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Free Content Benthic community metabolism and the role of deposit-feeding callianassid shrimp

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In temperate and tropical seas, bioturbation resulting from the burrowing and feeding activities of deposit-feeding callianassid shrimp can have an important impact on the ecosystem. In Gorda Sound, British Virgin Islands, 97 mol NH4 ˙ m−2 ˙ d−1 and 0.2 mol PO4 ˙ m−2 ˙ d−1 were released to the water column from burrows of callianassid shrimps (Callianassa rathbunae and Calliax Jonesi). Benthic gross primary production was 288 mg C ˙ m−2 ˙ d−1 and the ratio of gross production to total community 24-hr. respiration was 0.86. The flux of dissolved nutrients released from shrimp burrows could supply less than 5% of the need calculated for benthic primary production, while the net flux from the total benthic community could support 21% of the estimated demand. Stable carbon isotope measurements indicated that these callianassid shrimp derive 100% of their nutritional requirements from benthic microflora.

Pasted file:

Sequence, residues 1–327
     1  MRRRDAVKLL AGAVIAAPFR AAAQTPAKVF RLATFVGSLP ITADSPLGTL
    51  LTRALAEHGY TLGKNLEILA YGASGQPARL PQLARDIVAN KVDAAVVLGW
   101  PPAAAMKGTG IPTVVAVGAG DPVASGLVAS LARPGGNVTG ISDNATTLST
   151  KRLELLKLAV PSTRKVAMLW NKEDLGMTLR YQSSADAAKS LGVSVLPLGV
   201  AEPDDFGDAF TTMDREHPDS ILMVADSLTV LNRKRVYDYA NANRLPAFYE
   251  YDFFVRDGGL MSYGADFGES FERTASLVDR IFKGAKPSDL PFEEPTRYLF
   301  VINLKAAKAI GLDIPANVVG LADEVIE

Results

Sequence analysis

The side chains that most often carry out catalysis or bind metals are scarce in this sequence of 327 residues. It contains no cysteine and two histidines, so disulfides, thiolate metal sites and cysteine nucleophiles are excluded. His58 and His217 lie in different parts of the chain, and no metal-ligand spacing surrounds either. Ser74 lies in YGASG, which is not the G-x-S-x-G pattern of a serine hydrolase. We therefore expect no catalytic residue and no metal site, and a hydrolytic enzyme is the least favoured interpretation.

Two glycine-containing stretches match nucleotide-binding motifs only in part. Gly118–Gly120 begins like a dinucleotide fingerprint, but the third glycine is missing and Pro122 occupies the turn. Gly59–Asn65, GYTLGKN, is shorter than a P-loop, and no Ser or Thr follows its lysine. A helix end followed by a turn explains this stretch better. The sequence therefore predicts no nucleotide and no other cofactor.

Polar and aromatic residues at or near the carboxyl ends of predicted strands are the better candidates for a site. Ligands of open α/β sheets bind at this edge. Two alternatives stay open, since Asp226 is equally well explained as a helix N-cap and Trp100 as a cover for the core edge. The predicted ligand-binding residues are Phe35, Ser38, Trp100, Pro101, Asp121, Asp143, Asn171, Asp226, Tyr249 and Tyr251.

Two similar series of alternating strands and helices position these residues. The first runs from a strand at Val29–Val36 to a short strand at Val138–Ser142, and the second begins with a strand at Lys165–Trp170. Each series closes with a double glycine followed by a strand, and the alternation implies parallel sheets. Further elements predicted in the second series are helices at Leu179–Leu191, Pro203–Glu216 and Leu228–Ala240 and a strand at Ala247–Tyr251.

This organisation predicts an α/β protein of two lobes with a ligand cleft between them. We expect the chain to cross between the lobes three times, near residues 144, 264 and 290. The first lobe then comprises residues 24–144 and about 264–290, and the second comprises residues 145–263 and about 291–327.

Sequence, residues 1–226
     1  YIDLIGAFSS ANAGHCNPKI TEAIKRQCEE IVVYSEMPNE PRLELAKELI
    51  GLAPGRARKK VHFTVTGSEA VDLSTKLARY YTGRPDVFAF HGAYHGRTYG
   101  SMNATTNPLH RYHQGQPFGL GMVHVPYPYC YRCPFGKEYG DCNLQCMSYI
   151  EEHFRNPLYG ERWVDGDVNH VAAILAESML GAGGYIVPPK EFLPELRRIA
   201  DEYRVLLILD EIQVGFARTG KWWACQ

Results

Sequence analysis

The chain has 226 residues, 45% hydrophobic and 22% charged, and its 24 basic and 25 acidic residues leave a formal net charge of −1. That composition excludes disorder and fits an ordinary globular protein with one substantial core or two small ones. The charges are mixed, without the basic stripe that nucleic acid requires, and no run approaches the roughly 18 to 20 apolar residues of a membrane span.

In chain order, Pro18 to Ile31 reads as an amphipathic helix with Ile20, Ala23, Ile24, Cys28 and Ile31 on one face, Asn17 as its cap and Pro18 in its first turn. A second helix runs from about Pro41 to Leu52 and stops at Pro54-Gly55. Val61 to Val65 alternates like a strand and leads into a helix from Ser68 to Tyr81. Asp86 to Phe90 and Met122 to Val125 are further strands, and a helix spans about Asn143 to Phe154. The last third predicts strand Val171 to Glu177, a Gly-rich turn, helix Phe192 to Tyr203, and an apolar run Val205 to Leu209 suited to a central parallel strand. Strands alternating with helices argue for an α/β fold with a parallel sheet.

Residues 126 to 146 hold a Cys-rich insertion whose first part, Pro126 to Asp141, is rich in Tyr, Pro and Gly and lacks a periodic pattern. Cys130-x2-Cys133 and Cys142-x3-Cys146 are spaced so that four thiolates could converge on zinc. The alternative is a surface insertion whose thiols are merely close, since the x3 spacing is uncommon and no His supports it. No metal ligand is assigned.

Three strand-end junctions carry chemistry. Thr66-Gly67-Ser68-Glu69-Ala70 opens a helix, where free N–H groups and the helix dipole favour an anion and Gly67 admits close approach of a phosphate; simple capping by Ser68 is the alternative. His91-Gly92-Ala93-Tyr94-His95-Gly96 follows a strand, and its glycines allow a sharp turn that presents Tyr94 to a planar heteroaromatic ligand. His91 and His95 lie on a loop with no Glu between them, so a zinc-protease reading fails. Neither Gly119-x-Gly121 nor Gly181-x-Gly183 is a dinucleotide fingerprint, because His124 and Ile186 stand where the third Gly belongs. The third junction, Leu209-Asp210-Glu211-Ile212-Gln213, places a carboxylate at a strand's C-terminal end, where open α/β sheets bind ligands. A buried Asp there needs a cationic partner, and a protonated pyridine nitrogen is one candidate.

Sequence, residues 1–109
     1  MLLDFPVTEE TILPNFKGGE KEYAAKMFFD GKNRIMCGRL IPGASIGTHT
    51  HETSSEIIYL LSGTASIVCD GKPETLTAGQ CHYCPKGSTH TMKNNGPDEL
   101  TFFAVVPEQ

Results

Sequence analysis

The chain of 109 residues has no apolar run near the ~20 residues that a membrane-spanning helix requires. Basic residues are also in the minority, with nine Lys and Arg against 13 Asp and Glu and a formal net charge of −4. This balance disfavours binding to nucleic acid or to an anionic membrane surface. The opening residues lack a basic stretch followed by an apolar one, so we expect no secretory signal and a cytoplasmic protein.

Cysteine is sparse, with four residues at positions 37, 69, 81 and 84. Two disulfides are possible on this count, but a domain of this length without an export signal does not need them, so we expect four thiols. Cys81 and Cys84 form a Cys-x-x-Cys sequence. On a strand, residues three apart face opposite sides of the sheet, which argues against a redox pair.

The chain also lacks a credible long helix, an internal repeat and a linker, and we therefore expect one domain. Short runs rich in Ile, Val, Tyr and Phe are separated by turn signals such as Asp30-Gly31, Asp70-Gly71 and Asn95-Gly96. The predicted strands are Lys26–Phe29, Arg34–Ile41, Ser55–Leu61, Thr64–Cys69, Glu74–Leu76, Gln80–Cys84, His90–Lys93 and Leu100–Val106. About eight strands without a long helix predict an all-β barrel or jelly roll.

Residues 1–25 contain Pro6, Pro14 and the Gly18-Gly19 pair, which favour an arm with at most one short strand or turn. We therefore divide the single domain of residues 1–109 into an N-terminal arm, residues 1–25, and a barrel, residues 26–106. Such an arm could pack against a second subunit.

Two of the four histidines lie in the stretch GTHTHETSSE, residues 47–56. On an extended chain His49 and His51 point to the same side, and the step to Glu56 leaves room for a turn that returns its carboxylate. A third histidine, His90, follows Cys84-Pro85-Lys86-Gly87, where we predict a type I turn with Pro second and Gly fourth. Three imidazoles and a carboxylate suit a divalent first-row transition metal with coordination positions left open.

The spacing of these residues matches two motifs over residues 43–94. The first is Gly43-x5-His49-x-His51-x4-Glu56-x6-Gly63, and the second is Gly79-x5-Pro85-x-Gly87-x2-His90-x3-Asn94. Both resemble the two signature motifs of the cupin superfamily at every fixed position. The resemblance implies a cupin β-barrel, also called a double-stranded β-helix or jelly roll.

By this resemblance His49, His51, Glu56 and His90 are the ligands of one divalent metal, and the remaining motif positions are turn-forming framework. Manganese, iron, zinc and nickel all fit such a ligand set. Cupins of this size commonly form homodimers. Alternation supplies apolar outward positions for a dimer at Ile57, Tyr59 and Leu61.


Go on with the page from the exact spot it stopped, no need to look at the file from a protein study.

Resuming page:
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Document Type: Research Article

Publication date: May 1, 1992

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  • The Journal of Marine Research, one of the oldest journals in American marine science, publishes peer-reviewed research articles covering a broad array of topics in physical, biological and chemical oceanography. Articles that deal with processes, as well as those that report significant observations, are welcome. Biological studies involving coupling between ecological and physical processes are preferred over those that report systematics. The editors strive always to serve authors and readers in the academic oceanographic community by publishing papers vital to the marine research in the long and rich tradition of the Sears Foundation for Marine Research. We welcome you to the Journal of Marine Research.
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